RE: teaching technical writing to engineers

Subject: RE: teaching technical writing to engineers
From: "Martinek, Carla M" <CMartinek -at- zebra -dot- com>
To: "TECHWR-L" <techwr-l -at- lists -dot- raycomm -dot- com>
Date: Wed, 24 Mar 2004 07:29:21 -0600

Bill Darnall wrote:


I suggest you have each student prepare a simple user manual on a
product or process of his or her choice. First, have them develop a
specification for the project that includes an outline, the structure, and
for whom the manual is intended.


As an introduction, you could choose a simple, daily task that people
perform, and have the class offer suggestions for instructions as if they
were for someone who had never done this before. This could be a blackboard
(or whiteboard in this modern age :-) example before they choose their own
to write up later on.

* making ice (ice tray in freezer, requires them to fill it up).
* sharpening a pencil
* vacuuming the floor
* raking the yard

It's amazing how much you can break these tasks down when you look at them.
Several years ago I got a little "peeved" at a group I was in when I'd go to
the refrigerator to get ice for my water and the ice trays were *always*
empty. I'd fill them up, but when I'd go back to get the ice, they'd be
empty again. So, I wrote up instructions for how to make ice and posted
them on the door of the freezer. :-) I think they were 12-14 steps long.

For making ice, there's several issues to consider. Is there is a clear
path from the water source to the freezer? Is a level space large enough for
the ice tray in the freezer? (you really don't want to have to re-arrange
the freezer while holding a full tray of water in one hand...) Which way
does the freezer door face? Which hand needs to hold the freezer door and
which holds the tray as it goes in? How far up should they fill the tray
with water? What about closing the door after they put the tray in? Should
they make sure the freezer is actually plugged in and working?

It's been discussed before about how some engineers, when they write, make
assumptions and will skip steps that seem "obvious." This exercise can help
them move beyond "Fill tray with water and put it in the freezer," which is
the answer most people give the first time you ask them how to make ice.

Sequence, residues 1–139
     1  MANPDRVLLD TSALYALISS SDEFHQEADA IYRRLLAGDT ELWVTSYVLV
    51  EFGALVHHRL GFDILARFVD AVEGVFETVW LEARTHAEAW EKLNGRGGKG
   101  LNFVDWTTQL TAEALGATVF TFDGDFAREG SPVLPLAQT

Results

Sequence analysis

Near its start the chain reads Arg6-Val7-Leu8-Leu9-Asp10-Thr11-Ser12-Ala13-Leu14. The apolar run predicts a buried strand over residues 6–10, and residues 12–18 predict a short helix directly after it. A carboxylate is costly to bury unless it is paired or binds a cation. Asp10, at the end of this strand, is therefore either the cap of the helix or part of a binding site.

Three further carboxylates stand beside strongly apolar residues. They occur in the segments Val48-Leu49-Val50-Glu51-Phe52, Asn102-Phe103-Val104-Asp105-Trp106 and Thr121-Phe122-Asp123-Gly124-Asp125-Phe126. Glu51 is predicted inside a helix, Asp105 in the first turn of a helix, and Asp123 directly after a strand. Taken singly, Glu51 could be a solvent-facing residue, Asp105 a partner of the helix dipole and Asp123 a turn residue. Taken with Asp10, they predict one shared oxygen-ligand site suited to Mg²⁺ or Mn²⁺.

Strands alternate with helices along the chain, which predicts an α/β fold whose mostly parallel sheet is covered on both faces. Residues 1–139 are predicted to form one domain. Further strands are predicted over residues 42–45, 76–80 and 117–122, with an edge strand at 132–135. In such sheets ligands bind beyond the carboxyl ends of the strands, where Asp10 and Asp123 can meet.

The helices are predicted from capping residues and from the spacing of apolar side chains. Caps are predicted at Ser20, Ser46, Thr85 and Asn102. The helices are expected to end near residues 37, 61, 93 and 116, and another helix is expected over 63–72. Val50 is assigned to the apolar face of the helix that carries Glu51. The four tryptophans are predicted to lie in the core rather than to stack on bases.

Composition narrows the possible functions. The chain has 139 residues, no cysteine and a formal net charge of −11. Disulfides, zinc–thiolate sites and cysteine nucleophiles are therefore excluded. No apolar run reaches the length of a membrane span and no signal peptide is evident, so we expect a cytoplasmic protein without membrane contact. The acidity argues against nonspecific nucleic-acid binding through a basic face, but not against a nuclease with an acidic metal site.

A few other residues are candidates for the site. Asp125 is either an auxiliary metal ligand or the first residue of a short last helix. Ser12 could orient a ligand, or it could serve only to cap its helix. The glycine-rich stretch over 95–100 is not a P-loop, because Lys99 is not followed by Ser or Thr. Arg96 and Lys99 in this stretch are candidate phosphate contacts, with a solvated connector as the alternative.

OK, now back to the real work!

Carla Martinek, Translation Coordinator/Editor
Zebra Technologies Corporation
333 Corporate Woods Parkway, Vernon Hills, IL 60061
tel: 847.793.5616 fax: 847.821.1795
cmartinek -at- zebra -dot- com

This email and any files transmitted with it are confidential, and may also
be legally privileged. If you are not the intended recipient, you may not
review, use, copy, or distribute this message. If you receive this email in
error, please notify the sender immediately by reply email and then delete
this email.


ROBOHELP X5 - ALL NEW VERSION. Now with Word 2003 support, Content
Management, Multi-Author support, PDF and XML support and much more!

Now is the best time to buy - special end of month promos, including:
$100 mail-in rebate; Free online orientation on content management
functionality; Huge savings on support and future product releases;
PLUS Great discounts on RoboHelp training. OFFER EXPIRES March 31!
Call 1-800-358-9370 or visit:

You are currently subscribed to techwr-l as:
archiver -at- techwr-l -dot- com
To unsubscribe send a blank email to leave-techwr-l-obscured -at- lists -dot- raycomm -dot- com
Send administrative questions to ejray -at- raycomm -dot- com -dot- Visit for more resources and info.

Previous by Author: RE: Responses to Wendy's message
Next by Author: Single-Sourcing Survey -- RESULTS
Previous by Thread: RE: teaching technical writing to engineers
Next by Thread: RE: teaching technical writing to engineers

What this post helpful? Share it with friends and colleagues:

Sponsored Ads